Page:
School leaders consulted the local community. The school's charter was aligned to the Ngati Kahungunu Iwi Education Plan. Parent and whanau views were sought at a marae hui where the college openly accepted its responsibility for students who were not succeeding. The school provided further opportunities for whanau voices to be heard at an evening to celebrate student success.

Staff initially expressed some concerns about the risk of 'dumbing down' the curriculum. Some were worried that Vocational Pathways did not provide for more traditionally academic students. After discussion about the breadth of Vocational Pathways, these worries were allayed. The Principal has consistently repeated the message that Vocational Pathways learning is challenging and rewarding.

Senior leaders followed a cautious and systematic approach to managing the changes that they identified as necessary. As they worked towards the new approach, leaders acknowledged and managed staff anxiety about major change and used Post Primary Teachers Association (PPTA) guidelines for change management. Departments reviewed their curriculum provision and developed courses appropriate to the pathways approach. Over the course of several staff meetings, teachers developed hypothetical courses aligned to Vocational Pathways. Initially, they drew standards from many different learning areas. However, in reviewing these courses, they realised that individual teachers were not necessarily able to teach all of them. The courses that were eventually approved were less expansive than these initial hypothetical courses. The college is continuing to explore how greater collaboration across departments can support students to take standards from a broad range of learning areas in single coherent courses.

To support the modified curriculum it became evident that a change in timetable structure was needed. Period times for Years 9 and 10 students were lengthened and the number reduced to three daily. At senior level, a full day was set aside each week to allow opportunities for authentic, hands- on, onsite and offsite learning. The longer blocks of time at all levels also made conferencing with students easier and gave more flexibility in managing assessments.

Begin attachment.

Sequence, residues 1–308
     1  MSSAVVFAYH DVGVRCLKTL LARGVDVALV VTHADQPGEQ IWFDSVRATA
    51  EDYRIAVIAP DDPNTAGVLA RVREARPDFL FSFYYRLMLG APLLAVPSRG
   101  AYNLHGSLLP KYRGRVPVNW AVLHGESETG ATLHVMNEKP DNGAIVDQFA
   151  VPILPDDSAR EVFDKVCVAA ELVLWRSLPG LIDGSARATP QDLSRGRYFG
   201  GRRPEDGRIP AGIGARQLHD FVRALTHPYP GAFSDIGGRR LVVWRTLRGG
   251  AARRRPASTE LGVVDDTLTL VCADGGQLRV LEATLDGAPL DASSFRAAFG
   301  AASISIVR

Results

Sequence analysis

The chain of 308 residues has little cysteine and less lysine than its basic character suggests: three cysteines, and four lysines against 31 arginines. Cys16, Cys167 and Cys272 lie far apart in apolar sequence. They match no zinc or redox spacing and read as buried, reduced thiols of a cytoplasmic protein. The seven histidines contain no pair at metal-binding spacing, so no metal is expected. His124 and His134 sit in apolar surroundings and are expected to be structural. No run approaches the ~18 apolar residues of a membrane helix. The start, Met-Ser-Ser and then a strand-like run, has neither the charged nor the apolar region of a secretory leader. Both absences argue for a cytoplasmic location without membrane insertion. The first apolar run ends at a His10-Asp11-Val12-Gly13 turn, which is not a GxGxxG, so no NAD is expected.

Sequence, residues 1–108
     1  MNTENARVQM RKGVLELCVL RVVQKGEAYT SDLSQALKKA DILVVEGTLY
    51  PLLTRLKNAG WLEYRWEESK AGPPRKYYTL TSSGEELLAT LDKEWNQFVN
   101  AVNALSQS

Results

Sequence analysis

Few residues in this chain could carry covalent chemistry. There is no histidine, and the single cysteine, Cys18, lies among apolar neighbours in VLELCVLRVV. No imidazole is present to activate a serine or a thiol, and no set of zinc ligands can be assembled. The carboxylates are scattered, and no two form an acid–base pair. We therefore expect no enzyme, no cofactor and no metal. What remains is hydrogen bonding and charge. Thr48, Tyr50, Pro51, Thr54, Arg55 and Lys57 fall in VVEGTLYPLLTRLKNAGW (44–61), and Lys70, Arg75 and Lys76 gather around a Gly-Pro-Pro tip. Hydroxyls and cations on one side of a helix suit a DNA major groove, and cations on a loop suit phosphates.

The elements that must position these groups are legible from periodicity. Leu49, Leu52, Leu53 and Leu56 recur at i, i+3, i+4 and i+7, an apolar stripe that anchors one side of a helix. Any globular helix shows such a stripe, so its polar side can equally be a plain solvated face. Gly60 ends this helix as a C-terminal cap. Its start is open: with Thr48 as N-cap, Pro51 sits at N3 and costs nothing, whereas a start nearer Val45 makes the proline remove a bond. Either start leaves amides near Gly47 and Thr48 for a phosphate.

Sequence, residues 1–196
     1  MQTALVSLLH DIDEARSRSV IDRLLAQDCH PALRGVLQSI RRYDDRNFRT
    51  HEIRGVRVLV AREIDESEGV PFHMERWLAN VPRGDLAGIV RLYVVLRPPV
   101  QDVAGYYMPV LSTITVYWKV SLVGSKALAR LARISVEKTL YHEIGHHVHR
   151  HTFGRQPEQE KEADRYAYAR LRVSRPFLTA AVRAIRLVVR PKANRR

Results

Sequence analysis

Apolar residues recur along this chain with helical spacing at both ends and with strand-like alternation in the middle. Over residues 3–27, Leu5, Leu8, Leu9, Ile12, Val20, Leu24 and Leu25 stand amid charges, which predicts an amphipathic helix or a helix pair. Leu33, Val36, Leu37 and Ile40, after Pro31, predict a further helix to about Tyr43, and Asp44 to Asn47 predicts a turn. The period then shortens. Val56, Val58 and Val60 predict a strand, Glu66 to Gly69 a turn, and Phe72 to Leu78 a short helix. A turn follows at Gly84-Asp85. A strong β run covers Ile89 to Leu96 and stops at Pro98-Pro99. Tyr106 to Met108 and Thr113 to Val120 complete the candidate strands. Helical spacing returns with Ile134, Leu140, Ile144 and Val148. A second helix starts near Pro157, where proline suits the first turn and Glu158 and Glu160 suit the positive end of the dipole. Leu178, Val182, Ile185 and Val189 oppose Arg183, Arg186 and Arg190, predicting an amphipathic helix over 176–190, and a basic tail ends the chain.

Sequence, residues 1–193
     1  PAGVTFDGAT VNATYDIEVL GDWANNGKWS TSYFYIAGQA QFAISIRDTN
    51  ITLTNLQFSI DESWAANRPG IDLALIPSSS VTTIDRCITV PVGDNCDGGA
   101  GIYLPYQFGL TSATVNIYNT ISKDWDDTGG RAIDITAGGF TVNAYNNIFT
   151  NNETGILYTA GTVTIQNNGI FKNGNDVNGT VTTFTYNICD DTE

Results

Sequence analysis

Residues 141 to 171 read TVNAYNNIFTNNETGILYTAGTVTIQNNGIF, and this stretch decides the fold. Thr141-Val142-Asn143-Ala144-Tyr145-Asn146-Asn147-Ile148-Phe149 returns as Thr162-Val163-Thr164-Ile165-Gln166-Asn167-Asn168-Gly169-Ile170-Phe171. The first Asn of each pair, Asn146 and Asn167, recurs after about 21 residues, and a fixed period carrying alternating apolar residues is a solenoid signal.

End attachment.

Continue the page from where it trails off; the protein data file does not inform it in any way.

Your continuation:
These timetable and course changes also highlighted the need for changes in pedagogy. Professional learning and development was provided for staff, using another school as a case study. Time was set aside for teachers to plan collaboratively and share successful practice to help implement the new approach. This often meant drawing on previously established good practice from within the college such as elements of Te Kotahitanga.2 The need for collaboration across departments to provide a more integrated approach to learning soon became evident. This is still a work in progress.

One outcome of the changes is a more multi-levelled approach to monitoring and supporting students, with more people responsible for each individual. At the start of the year, students choose a mentor who maintains contact with the home. Whanau are kept fully informed of their teenager's progress along their chosen pathway through three conferences per year. A full day is set aside for these and the college writes to parents' employers where necessary to ask them to release their employees to attend, indicating the importance that they place on these meetings. Students attend and, at senior level, lead the discussion about their pathways. Staff explain the pathways to every newly enrolled student and their whanau. The Principal reported that the pathways really resonate with parents, with some saying "I wish this was around when I was at school.”

Photo of girl painting

Hauraki Plains College 

Following the economic downturn in 2007-2008, Year 13 enrolments doubled, highlighting the need for a more diverse range of courses at senior level. At this time, the college examined whether the current course options provided equitably for all students. Leaders acknowledged that university was not the only pathway to excellence. The outcome was a shift to a pathways approach.

"The school's mission is giving our kids a future and a hope. There's a place for them out there and it's important that we help them find it."


A college trust had already purchased a farm, originally as an investment, and this subsequently became a vehicle for a Primary Industries pathway. The trust had also bought an old Masonic lodge, which was used to provide a venue for a performing arts centre.